I'm always excited whenever Liz Curry takes a trip because I know that I will have an online album full of funny captions to look forward to upon her return. Here, she writes about her family's trip to Ireland last spring and their search for a pub that felt truly authentic.
Today is St. Patrick’s Day, a time for celebrating that patron saint of Ireland by meeting up with friends and drinking beer (or whiskey) until the room spins and then suddenly goes dark. We Americans allow ourselves one day each year for this kind of sanctioned revelry, but when I traveled to Ireland last spring, I expected to engage in it every night in the country’s notoriously ubiquitous pubs. Alas, my romanticized idea of the lively ale house—replete with traditional Irish band and beer sloshing from the townsfolks’ pints — was not so easily found. And once discovered, was much more staid than I’d imagined.
I, along with my boyfriend, parents, and sister, began our pub crawl in the Temple Bar section of Dublin (pictured left). An amateur mistake, perhaps, when searching out a true public house, but nonetheless, we were drawn into the Oliver St. John Gogarty, which promised us authentic Irish music. But, the first floor of this three-story bar was more frat party than congenial tavern. Over the pumping of the bass, we made out the faint sounds of a fiddle and a bodhrán. This drew us up the stairs, where we found the second floor packed with an unusual combination of college kids and white-haired couples.
On the small stage at the front of the room, an unsmiling man played the guitar and sang, while his teenage son switched between a myriad of instruments, from the flute to the whistle to the accordion. They were a talented duo, but the drunken shouts from the crowd, especially during the slower numbers, gradually enraged the vocalist to the point of explosion. At a few points during the hour we spent there, he singled out and scolded certain members of the audience and refused to play until the room settled down. The merriment was dampened, and we headed back to our hotel in a state of disillusionment.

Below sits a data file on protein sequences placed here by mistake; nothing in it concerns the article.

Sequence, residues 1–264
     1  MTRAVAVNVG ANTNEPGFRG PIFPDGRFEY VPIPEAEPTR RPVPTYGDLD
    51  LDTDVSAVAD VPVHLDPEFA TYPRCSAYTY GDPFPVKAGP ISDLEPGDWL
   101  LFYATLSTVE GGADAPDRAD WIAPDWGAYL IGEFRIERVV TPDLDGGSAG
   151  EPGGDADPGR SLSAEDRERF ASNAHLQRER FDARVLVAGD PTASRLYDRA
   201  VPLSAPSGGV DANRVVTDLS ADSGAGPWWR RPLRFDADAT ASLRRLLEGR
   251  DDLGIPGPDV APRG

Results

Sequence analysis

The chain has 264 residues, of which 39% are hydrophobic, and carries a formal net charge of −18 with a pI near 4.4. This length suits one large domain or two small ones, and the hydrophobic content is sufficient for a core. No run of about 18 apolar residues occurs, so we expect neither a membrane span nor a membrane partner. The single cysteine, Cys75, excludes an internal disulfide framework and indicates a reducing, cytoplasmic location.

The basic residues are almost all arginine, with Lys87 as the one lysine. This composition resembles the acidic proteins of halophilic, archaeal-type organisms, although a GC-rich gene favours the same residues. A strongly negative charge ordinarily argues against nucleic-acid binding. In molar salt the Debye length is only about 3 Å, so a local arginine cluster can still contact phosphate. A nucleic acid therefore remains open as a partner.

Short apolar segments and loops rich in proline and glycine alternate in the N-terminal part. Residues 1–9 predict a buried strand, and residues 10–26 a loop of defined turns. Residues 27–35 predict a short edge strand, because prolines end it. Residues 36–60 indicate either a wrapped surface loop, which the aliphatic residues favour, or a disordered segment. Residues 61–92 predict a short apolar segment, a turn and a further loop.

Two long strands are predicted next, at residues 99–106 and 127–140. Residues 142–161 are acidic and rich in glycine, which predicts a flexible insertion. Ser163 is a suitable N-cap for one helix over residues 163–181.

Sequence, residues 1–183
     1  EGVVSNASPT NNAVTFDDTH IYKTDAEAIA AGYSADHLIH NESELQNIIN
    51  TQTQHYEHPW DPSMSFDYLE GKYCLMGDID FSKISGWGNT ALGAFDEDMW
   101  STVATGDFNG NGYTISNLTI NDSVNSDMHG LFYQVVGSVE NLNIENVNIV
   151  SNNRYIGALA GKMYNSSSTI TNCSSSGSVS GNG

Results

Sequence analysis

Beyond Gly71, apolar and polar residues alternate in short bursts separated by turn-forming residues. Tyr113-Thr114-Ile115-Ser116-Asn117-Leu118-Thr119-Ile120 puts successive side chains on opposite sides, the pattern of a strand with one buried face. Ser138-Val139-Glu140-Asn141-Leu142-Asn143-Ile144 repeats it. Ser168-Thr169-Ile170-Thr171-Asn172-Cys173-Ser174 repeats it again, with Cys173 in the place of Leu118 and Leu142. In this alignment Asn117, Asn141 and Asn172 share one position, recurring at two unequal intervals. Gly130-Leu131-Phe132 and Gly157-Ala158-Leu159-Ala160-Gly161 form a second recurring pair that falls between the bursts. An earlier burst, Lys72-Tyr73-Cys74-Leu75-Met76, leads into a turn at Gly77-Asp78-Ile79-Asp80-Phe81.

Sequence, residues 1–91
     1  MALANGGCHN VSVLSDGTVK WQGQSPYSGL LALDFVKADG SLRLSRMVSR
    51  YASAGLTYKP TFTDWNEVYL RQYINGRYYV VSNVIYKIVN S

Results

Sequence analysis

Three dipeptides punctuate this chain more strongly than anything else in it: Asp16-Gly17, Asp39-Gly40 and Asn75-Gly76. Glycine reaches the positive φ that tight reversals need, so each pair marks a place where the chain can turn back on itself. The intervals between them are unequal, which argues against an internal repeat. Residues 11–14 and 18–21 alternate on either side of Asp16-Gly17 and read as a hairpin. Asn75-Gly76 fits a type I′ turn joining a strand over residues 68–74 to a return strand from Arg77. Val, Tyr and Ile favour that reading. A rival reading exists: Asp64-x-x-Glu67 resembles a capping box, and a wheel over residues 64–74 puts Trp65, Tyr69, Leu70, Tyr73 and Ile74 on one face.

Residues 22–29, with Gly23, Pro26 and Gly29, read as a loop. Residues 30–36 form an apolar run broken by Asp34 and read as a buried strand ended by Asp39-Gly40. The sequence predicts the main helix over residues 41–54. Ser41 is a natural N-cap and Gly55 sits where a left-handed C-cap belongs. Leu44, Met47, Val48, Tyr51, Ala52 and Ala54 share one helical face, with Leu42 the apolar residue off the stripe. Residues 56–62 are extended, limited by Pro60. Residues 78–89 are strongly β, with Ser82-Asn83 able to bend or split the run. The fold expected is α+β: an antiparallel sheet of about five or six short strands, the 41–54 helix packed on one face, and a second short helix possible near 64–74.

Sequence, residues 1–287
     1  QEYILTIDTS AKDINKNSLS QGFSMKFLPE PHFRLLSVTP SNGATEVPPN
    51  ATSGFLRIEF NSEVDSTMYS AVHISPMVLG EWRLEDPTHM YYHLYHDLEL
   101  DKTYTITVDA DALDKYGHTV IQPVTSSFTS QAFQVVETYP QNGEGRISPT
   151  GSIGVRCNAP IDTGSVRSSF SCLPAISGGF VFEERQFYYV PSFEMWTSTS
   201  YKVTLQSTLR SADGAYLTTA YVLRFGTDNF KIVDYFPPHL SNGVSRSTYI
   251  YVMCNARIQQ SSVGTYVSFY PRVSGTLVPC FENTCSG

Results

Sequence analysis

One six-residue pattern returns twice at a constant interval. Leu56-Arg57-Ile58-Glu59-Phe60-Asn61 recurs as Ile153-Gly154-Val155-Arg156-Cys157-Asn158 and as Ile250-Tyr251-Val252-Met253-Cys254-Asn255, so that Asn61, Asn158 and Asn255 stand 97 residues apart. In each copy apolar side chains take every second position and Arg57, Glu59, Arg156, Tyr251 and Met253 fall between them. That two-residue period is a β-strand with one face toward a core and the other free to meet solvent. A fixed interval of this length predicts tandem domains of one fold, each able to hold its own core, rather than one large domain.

But the next day, after a morning hike through Glendalough in Wicklow Mountains National Park, we drove down through east-central Ireland and happened upon The Meetings pub (pictured at top), 3 km north of the famous weaving town of Avoca. (We’d intended to tour the mill and shops at Avoca, but of course, arrived 10 minutes after they closed.)
The Meetings pub is named for the Meeting of the Waters located behind the inn (the Avonmore and the Avonbeg rivers meet to form the Avoca, pictured right). When we arrived that afternoon, the Sunday open music session was in full swing. Inside, the bar was quiet, but on the front patio, about 50 people sat around on folding chairs and at picnic tables. Pensioners and young couples with babies in tow talked quietly and watched attentively as their neighbors took the stage in turns to sing both classics and more modern ditties.
The stage, four feet off the ground and unequipped with stairs, caused mounting problems for some, but once on solid footing, the men and women sang heartily and without a trace of self-consciousness. A woman in her 60s belted out Danny Boy in an operatic soprano, and was followed by a man in his 50s who sang and hummed Satisfaction by the Rolling Stones. The friends and neighbors of the performers watched in earnestness, and clapped firmly and politely at the end of each tune.
The electric guitar and bass accompaniments were not the traditional Irish music we expected, and the conviviality was more subdued than we envisioned, but this was a real pub and the authenticity was undeniable.